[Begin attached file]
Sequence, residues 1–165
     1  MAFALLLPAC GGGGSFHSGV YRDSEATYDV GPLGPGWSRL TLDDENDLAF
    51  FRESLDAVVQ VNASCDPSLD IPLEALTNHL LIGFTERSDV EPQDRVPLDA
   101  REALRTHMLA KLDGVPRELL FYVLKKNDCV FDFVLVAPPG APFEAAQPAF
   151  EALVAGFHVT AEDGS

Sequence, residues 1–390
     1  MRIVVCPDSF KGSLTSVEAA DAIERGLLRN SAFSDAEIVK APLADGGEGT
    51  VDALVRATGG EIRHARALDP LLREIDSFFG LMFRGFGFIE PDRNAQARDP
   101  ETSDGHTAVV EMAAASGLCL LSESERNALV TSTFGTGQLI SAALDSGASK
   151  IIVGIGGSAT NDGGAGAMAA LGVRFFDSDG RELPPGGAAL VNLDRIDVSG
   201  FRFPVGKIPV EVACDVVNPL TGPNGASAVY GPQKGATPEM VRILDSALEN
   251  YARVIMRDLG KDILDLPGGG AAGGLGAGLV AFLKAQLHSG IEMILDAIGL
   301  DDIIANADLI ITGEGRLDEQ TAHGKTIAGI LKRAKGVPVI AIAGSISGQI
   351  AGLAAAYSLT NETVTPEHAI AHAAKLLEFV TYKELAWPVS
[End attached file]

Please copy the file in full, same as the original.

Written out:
Sequence, residues 1–165
     1  MAFALLLPAC GGGGSFHSGV YRDSEATYDV GPLGPGWSRL TLDDENDLAF
    51  FRESLDAVVQ VNASCDPSLD IPLEALTNHL LIGFTERSDV EPQDRVPLDA
   101  REALRTHMLA KLDGVPRELL FYVLKKNDCV FDFVLVAPPG APFEAAQPAF
   151  EALVAGFHVT AEDGS

Sequence, residues 1–390
     1  MRIVVCPDSF KGSLTSVEAA DAIERGLLRN SAFSDAEIVK APLADGGEGT
    51  VDALVRATGG EIRHARALDP LLREIDSFFG LMFRGFGFIE PDRNAQARDP
   101  ETSDGHTAVV EMAAASGLCL LSESERNALV TSTFGTGQLI SAALDSGASK
   151  IIVGIGGSAT NDGGAGAMAA LGVRFFDSDG RELPPGGAAL VNLDRIDVSG
   201  FRFPVGKIPV EVACDVVNPL TGPNGASAVY GPQKGATPEM VRILDSALEN
   251  YARVIMRDLG KDILDLPGGG AAGGLGAGLV AFLKAQLHSG IEMILDAIGL
   301  DDIIANADLI ITGEGRLDEQ TAHGKTIAGI LKRAKGVPVI AIAGSISGQI
   351  AGLAAAYSLT NETVTPEHAI AHAAKLLEFV TYKELAWPVS